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Clin Pract Epidemiol Ment Health. 2006 Feb 15;2:1. doi: 10.1186/1745-0179-2-1.

Association of Huntington's disease and schizophrenia-like psychosis in a Huntington's disease pedigree.

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Depart. Psychiatry and Mental Health, Faculty of Medical Sciences - UNL - Calçada da Tapada, 155, 1300-Lisbon, Portugal.
Depart. Neurology, Faculty Medical Sciences - UNL, Hospital Egas Moniz, 1400-Lisbon, Portugal.
Contributed equally



Huntington's disease (HD) is a dominantly inherited, neurodegenerative disorder due to expansion of a polymorphic trinucleotide repeat in the short arm of chromosome 4. Clinical manifestations consist of a triad of choreic movements, cognitive decline and psychiatric syndromes starting in the fourth to fifth decade. Psychiatric manifestations vary and may precede motor and cognitive changes. Personality changes and depression occur most commonly. Paranoid schizophrenia-like symptoms occur in 6% to 25% of cases.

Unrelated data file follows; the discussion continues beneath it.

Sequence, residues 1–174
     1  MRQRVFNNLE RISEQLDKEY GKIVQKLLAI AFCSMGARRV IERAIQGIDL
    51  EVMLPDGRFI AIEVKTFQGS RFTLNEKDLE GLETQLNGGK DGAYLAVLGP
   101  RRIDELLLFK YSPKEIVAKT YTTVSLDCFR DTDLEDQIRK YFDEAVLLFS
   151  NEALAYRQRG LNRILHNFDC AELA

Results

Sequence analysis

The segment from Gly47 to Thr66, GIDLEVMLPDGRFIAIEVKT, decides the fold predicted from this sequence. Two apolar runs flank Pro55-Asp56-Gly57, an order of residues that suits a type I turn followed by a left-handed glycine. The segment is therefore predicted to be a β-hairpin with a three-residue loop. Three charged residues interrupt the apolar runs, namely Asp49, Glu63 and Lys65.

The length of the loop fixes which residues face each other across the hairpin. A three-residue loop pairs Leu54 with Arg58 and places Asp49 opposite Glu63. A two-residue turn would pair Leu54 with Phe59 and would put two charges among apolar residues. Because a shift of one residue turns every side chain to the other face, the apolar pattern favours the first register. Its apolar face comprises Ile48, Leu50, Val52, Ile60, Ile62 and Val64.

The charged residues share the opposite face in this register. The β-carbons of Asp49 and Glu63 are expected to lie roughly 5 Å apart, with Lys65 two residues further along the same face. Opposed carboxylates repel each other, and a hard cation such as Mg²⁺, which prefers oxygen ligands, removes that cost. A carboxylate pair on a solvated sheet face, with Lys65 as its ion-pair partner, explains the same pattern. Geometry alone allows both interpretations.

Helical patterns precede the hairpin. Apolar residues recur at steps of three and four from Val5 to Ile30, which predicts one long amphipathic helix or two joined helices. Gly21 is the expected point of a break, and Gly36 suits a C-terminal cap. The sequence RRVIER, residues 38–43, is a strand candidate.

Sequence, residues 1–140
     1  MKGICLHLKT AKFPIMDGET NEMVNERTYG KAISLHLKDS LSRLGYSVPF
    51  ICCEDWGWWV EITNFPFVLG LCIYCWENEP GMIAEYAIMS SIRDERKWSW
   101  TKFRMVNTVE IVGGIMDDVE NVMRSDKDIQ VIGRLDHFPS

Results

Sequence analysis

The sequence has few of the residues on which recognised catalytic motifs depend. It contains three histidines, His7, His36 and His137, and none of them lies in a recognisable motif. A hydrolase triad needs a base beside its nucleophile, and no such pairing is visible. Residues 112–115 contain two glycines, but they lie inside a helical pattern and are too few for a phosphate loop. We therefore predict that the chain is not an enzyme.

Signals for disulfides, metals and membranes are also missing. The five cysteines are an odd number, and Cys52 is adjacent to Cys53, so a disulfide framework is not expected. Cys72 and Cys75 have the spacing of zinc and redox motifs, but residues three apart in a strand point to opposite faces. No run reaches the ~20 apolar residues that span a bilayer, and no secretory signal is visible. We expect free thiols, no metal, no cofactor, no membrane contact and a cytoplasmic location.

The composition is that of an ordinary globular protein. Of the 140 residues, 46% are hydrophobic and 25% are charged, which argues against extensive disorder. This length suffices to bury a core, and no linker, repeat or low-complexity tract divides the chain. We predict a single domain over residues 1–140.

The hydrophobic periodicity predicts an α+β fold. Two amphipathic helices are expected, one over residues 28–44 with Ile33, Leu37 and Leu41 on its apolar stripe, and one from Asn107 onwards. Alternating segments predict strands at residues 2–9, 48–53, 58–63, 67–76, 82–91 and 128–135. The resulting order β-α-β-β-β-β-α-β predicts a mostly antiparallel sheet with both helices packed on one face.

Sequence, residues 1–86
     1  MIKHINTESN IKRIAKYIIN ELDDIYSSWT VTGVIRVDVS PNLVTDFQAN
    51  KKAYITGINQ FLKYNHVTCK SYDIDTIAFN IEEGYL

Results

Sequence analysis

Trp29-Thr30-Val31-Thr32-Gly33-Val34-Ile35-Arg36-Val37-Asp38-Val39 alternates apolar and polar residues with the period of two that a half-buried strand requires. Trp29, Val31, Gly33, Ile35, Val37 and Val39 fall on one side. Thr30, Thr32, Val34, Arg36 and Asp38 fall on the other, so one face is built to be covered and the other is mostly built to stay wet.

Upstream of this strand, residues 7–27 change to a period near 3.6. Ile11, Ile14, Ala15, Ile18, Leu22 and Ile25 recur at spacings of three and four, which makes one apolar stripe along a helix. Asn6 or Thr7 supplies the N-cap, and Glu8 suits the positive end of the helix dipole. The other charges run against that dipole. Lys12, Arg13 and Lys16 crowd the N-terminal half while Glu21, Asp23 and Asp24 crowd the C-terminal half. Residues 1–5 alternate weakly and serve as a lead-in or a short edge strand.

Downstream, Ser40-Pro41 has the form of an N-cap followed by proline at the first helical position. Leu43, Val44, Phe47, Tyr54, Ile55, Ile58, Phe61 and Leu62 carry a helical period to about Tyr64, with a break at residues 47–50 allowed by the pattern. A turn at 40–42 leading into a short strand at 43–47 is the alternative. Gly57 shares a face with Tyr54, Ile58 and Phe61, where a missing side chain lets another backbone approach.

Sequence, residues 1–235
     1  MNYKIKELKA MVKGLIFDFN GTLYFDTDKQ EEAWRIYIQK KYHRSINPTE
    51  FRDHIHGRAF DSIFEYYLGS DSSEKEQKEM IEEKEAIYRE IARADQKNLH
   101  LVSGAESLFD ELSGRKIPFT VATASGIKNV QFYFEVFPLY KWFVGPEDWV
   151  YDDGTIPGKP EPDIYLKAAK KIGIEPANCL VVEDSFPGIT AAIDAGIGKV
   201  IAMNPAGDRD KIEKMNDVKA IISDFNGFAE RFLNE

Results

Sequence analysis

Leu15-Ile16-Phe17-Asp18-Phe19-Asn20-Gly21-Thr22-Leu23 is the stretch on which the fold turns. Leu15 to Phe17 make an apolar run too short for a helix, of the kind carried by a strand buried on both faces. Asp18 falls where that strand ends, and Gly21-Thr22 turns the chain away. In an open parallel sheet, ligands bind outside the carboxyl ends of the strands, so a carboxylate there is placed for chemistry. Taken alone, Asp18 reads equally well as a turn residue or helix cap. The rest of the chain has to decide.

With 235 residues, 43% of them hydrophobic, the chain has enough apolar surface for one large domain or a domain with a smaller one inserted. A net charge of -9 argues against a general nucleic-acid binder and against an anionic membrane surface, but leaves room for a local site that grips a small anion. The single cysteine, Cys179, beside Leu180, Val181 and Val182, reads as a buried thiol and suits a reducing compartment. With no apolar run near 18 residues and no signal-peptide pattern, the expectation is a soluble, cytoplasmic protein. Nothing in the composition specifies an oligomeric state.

We describe a 55 year-old woman with an 8 yearlong history of behavioural changes, multi-thematic delusions and auditory hallucinations. History and mental state examination were suggestive of paranoid schizophrenia. Neurological examination revealed discrete, involuntary movements affecting her arms and trunk. Genotyping detected an expanded allele (43 trinucleotide repeats). A three-generation-long family history of chorea and schizophrenia-like psychosis was found.


HD-families have been reported in which schizophrenia-like syndromes emerged in all or most HD-affected members long before they developed extra-pyramidal or cognitive changes. This has been attributed to more than mere coincidence. We hypothesise that in these families the HD gene is transmitted along with a low load of small-effect "psychosis genes" which, in the presence of the severe cognitive changes of HD, manifest as a schizophrenia-like phenotype. Further research is needed in order to clarify the links between genetic loading and the emergence of psychotic symptoms in Huntington's disease.

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